Refinancing federal student loans means that all of your loans become private loans. As a result, you lose access to federal student loan benefits like interest rate discounts and loan cancellation benefits. (You can learn more about the pros and cons in our student loan refinancing guide.)

Refinancing with a private student loan lender typically takes less time — sometimes just a few business days. However, this timeline can be longer if additional documentation is needed or if you have a coapplicant. In these cases, the timeline can vary depending on the lender and the time it takes the borrower to gather and submit the documents.

Recommended: Consolidating vs. Refinancing Student Loans

Is There Any Way to Accelerate the Student Loan Consolidation Process?

Unfortunately, you cannot accelerate the federal student loan consolidation process.

You may want to consider skipping the consolidation process altogether and refinance your student loans with a private lender, which will likely take less time. You can take a look at a student loan refinancing rate calculator to make sure it will financially work to your advantage.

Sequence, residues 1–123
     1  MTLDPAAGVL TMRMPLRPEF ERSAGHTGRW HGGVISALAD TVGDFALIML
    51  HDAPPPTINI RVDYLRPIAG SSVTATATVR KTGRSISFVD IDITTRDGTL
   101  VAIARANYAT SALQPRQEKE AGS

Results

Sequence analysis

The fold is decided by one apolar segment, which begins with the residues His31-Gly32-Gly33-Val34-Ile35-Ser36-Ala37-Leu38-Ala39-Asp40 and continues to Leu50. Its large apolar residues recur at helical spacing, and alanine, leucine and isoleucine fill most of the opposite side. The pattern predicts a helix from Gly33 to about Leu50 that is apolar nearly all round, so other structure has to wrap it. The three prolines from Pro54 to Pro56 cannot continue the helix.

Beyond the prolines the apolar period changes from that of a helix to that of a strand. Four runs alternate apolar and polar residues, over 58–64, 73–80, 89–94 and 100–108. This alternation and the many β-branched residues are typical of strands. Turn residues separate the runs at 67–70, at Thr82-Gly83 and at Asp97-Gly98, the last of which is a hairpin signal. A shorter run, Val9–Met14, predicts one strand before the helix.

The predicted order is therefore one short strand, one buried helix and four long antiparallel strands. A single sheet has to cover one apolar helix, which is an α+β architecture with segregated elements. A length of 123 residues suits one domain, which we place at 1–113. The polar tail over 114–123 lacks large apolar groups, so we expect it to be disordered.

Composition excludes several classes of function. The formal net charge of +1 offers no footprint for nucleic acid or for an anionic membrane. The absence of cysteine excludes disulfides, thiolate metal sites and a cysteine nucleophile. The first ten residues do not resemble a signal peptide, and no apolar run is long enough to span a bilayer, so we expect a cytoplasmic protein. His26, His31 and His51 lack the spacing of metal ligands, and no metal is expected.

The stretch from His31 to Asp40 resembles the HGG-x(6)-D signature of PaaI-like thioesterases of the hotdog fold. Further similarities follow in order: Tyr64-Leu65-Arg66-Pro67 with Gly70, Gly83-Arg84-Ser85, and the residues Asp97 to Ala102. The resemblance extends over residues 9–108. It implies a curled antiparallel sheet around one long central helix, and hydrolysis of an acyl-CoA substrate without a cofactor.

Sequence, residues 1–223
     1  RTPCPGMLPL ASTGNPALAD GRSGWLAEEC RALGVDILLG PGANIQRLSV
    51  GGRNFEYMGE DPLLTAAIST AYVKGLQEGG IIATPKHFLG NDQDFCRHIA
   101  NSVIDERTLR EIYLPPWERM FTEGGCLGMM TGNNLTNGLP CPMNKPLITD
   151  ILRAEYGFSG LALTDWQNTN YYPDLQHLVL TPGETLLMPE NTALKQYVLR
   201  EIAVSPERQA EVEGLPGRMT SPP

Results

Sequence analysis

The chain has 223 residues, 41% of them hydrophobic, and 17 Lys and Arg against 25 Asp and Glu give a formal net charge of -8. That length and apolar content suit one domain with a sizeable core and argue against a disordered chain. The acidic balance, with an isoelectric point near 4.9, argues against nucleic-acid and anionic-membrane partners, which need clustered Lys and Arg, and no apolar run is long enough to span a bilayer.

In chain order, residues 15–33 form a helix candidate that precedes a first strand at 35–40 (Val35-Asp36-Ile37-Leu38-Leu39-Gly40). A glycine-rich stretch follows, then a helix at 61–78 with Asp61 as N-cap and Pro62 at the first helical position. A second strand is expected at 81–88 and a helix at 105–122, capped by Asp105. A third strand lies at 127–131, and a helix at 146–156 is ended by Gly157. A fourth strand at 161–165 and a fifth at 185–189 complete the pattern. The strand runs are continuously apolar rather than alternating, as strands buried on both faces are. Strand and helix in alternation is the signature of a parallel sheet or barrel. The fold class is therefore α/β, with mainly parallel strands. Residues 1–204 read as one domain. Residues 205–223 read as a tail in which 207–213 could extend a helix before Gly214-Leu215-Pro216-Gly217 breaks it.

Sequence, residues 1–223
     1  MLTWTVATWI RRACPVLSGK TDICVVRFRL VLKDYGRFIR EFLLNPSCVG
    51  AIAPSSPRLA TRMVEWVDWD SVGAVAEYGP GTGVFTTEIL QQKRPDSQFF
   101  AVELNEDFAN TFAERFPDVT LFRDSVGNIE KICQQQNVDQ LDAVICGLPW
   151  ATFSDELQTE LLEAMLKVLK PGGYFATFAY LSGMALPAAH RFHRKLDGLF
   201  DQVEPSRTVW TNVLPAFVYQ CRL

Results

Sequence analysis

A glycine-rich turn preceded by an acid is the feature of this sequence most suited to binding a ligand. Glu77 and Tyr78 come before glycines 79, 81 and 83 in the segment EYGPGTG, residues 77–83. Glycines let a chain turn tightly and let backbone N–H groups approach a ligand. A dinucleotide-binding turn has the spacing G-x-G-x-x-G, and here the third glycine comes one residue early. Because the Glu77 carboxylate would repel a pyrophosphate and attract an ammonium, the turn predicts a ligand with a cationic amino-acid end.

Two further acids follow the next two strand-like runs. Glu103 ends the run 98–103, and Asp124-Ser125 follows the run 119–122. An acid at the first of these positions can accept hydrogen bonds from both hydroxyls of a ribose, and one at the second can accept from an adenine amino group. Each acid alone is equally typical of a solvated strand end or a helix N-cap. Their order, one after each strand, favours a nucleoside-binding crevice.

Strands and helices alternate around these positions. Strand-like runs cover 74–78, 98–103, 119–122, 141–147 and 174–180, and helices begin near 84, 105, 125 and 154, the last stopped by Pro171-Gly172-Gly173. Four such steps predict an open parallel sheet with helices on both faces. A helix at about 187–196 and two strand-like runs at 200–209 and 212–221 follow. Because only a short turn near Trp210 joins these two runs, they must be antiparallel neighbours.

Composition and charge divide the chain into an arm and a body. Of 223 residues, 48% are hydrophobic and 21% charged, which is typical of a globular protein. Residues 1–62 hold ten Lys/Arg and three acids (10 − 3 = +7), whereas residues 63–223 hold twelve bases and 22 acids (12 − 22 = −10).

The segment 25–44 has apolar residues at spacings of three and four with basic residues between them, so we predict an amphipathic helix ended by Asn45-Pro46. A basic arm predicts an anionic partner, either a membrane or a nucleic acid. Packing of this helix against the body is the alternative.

Pros and Cons of Consolidating Student Loans

Why might you want to consolidate federal loans into a single federal Direct Consolidation Loan? Or why might you want to steer clear of consolidation altogether? Review the pros and cons below to get a better understanding of whether consolidating student loans is right for you.

Pros Cons
Simplify your loan payments. You’ll have just one loan payment instead of several payments for multiple loan types. Losing benefits. If you choose to consolidate your loans using a refinance, you will lose out on federal benefits, like income-driven repayment and forgiveness.
Lower your monthly payment. You could lower your monthly payment. It’s possible to extend your payment term to 30 years, which allows you to take more time to repay.

Paying more interest. You will pay more interest over the life of the loan if you refinance with an extended term.